Quiz team names are a massive part of the fun, and surprisingly hard to come up with, as I know from my own experience of pub quizzes. Initially, my teams used to come up with tortured laboured puns which we thought were hilarious but were met by silence after being mangled by the quiz master. Then, in a successful team I was part of, we were Lovely Touch for a Big Man – a reference to Peter Crouch which we were pleased to discover was amusing to different people in different ways.

I know people who are daring enough to go for rude jokes about topical stories, though I’ve always been a bit timid for that. I couldn’t tell you the best pub quiz team name I’ve ever heard, nor even give that much advice – [I have a soft spot for little twists on the name of your company, i'm less enamoured of flat out insults of colleagues in general, but if they are funny, they bring the house down]. I’ve one which anyone who wishes to can steal – this was the name which got the best reaction I ever heard – a simple mishearing of a lyric in a Weathergirls song – ‘Israeli Men, Hallelujah, Israeli Men’. Not sure what magic ingredient that name had on that particular night, but it worked.

What other favourites have you heard down the years?

What is your best team name?

For more on pub quiz team names, follow @quiznames on Twitter.

8 thoughts on “What’s in a Name?

  1. Occasionally, inventive names can be derailed by imcomprehending or under-informed quizmasters. At one quiz in the late 1990s, during the height of Bill Clinton’s troubles with Congress, the baffled QM announced a team called “I’m Peach, The President”.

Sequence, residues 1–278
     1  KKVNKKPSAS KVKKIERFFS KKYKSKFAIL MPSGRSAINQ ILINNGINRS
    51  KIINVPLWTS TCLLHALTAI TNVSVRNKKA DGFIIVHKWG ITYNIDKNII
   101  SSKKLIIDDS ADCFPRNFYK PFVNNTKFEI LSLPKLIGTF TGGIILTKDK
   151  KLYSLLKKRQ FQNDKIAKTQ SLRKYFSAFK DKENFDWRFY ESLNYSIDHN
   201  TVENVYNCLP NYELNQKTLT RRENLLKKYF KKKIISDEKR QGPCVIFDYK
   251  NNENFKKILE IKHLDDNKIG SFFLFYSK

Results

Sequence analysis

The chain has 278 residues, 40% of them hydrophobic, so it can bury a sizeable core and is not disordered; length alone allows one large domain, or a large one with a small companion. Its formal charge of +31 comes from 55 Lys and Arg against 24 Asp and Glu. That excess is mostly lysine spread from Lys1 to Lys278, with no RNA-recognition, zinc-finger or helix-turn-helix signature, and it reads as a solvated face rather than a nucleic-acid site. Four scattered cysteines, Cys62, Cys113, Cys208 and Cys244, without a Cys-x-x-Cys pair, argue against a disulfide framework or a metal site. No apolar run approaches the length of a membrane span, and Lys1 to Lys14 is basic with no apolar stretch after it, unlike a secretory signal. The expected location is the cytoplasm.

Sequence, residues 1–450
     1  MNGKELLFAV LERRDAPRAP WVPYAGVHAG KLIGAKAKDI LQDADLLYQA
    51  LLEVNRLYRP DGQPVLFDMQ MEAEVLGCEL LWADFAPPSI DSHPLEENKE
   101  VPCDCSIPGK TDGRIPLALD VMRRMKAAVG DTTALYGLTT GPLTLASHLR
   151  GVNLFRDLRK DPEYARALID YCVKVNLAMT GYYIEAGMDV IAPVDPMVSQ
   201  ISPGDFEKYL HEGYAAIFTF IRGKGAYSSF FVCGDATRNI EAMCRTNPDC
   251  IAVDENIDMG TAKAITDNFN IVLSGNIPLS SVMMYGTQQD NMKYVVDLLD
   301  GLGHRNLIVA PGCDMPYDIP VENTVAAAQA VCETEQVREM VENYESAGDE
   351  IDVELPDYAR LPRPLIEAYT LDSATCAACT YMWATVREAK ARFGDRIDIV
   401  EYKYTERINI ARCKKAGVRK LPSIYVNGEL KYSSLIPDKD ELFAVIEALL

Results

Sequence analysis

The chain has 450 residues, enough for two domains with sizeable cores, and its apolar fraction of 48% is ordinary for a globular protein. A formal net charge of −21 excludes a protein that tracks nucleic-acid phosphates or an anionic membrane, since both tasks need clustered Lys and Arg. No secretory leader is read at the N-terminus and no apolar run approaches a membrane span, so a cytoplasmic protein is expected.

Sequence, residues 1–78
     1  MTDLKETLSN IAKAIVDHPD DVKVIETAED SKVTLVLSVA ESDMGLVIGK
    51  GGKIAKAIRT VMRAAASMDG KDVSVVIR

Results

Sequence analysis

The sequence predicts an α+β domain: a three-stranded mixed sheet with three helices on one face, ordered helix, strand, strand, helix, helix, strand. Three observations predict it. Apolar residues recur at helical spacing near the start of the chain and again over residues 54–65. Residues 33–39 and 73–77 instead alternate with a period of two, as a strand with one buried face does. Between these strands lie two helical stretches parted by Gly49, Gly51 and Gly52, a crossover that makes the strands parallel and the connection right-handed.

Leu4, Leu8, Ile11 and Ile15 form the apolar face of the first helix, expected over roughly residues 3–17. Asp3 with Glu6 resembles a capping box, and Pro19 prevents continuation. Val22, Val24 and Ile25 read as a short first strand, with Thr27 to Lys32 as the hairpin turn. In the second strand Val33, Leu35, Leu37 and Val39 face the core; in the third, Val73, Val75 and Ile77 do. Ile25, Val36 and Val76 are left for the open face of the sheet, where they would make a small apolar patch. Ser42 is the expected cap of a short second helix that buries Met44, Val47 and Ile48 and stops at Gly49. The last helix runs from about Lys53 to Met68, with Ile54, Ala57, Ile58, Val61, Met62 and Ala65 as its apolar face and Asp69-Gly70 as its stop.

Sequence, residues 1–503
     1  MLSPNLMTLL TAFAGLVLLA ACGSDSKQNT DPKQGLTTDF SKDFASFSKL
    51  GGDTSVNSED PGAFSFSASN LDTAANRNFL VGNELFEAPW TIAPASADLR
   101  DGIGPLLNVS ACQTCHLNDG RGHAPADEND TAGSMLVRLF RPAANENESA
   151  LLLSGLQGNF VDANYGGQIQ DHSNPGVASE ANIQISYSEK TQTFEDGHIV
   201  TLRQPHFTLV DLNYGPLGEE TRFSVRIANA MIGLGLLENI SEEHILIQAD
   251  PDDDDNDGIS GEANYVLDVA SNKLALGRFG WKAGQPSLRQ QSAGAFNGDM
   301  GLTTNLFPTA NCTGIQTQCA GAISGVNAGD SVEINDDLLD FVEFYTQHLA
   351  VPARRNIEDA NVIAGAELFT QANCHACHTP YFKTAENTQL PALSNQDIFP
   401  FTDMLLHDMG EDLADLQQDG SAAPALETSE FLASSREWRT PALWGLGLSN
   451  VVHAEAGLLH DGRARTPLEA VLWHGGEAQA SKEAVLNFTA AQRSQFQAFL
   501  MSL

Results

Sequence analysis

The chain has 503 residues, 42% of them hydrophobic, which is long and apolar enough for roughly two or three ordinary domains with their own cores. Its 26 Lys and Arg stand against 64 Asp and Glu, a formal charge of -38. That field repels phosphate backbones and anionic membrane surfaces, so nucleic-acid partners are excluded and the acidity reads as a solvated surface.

2. That’s funny! We used to go to a pub with a quiz master who had significant troubles with pronunciation/knowledge levels.

    We called ourselves “King Lewis the Ziv” and when he read it out he would be heckled (not just by us) with teams shouting “You mean Louis the Fourteenth”. [Louis XIV}

    A little cruel, but amusing at the time.

  3. Dr Wa – I actually went to the Norfolk tourist website to check that…

    Norfolk: Time to Explore is much less good. They should change their slogan to Norfolk Enchants.

  4. Whenever playing in a prize quiz for the first time my friend and I often call ourselves something along the lines of “Only Here for the Beer”, to belie the fact that we’re only really there for the cash prize. This backfired once when the landlady of a pub in Neath misread our name, and spend the whole evening calling us “Only Hair for the Bear”.

    Serve her right that we took her money.

  5. My personal favourite, nicked from a mate (who probably nicked it from someone else as well), is “Halal – is it meat you’re looking for?”

    Best effort at making one up on the night was the rather long-winded “Two’s company, three’s a crowd and Five are a crap boy band”. It shortened to “Two’s company” quite effectively.

  6. I’d never thought to classify team names before. At my expat quiz, I’ve had The Rhymenoceroses, The Italian Handicap (insulting a team member), the Aung San Zucchinis (topical!) and the rather cynical Puns are so Passe.

    • many thanks for your comments. I like the topical ones generally. I had “I’m Aung San Suu Kyi, Get Me Out Of Here” which I thought was rather clever.